Although, varieties of micro- to nanoscale fabrication technologies have been invented and refined for silicon (Si) processing because Si is the basic material of integrated circuits, the layouts are based on layer-by-layer approaches, making it difficult to realize three-dimensional (3D) structures with complicated shapes normal to the planar surface (along the out-of-plane direction) of the wafers used. Here, a novel and direct Si-processing technology that enables to bend thin layers of Si surfaces into various 3D curved structures at the micrometer scale is introduced. This bending is achieved by porosifying a Si wafer surface using anodic oxidation and then performing conventional photolithography patterning and wet etching. The porosity gradient in the depth direction gives rise to a stress-internalized layer in which self-rolling action is induced via subsequent patterning and wet etching. A subsequent oxidation process further enhances the curvature deformation, leading to the formation of tubes, for example. The rolling directions can be controlled by 2D patterning of the porous Si layer, which is explained well from a structural dynamics perspective. This technology has a wide range of capabilities for realizing 3D structures on Si substrates, enabling new design possibilities for Si-based on-chip devices.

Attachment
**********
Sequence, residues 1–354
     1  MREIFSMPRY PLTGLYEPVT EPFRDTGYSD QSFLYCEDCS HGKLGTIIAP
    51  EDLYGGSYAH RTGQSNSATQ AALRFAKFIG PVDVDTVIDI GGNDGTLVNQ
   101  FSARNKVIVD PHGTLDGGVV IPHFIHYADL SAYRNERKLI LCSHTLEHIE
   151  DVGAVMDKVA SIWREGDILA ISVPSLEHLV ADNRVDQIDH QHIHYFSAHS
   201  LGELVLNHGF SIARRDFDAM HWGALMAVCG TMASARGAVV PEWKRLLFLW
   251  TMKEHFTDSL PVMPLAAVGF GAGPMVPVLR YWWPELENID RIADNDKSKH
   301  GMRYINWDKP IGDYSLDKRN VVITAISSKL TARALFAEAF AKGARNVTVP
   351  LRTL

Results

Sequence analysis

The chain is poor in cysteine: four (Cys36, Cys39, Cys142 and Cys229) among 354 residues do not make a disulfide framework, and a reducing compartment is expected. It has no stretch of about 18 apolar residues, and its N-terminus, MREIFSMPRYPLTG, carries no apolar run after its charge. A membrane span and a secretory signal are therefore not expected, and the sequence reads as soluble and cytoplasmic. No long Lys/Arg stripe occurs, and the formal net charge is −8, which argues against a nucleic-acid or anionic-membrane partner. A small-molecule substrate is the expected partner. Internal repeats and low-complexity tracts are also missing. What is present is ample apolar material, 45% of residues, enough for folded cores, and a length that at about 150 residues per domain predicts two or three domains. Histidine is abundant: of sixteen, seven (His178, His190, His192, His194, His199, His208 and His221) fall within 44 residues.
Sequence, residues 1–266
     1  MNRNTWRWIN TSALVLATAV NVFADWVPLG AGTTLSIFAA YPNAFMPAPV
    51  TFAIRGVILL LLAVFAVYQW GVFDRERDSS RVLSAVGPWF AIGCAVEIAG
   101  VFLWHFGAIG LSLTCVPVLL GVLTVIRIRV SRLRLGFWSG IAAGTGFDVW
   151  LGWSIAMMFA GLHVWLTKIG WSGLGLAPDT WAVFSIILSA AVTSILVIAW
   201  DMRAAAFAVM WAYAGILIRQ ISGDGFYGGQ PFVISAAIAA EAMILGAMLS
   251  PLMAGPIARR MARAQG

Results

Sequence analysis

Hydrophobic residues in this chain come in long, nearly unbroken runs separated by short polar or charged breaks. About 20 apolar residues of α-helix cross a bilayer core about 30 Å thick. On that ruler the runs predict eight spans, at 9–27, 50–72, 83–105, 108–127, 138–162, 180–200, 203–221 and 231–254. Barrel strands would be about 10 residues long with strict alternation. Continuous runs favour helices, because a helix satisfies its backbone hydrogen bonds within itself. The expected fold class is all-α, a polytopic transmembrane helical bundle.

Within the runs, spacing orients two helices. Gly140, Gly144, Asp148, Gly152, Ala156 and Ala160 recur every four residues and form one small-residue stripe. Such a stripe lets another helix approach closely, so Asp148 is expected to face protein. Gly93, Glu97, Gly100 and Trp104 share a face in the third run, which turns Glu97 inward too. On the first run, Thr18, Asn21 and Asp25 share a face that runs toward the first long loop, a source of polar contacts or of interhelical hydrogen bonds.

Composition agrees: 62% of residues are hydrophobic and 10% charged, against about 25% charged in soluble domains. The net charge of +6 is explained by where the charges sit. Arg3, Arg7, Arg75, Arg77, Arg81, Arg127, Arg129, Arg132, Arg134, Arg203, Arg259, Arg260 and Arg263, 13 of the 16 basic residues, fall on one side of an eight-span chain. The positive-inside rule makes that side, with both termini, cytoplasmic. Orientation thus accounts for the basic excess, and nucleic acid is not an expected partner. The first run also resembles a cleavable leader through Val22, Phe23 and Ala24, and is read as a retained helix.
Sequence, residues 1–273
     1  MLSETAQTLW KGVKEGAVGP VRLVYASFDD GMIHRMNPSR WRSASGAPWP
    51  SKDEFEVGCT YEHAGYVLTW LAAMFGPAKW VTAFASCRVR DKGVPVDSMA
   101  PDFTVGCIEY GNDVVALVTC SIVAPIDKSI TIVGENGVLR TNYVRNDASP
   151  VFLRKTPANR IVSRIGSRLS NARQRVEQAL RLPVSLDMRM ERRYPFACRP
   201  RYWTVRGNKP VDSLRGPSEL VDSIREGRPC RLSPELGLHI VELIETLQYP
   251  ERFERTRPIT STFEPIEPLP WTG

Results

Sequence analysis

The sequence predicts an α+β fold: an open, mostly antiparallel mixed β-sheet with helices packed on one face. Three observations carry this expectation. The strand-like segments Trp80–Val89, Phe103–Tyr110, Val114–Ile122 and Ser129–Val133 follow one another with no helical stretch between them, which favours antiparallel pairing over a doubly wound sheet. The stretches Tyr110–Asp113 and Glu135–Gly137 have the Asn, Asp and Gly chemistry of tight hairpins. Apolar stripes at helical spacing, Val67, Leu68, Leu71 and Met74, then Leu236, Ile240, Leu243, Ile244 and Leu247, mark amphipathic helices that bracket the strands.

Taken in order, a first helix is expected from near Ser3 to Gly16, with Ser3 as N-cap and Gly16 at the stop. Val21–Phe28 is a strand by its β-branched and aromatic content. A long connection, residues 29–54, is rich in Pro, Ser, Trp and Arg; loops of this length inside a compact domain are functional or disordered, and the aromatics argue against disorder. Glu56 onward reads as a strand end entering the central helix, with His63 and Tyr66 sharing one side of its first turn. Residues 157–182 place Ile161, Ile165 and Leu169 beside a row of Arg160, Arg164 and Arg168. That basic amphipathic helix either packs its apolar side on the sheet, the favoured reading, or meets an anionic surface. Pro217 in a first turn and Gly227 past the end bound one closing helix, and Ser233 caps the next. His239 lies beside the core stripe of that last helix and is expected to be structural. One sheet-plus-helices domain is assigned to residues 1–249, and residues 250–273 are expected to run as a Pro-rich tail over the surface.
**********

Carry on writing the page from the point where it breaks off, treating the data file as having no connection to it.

- porous silicon layers
- structural dynamics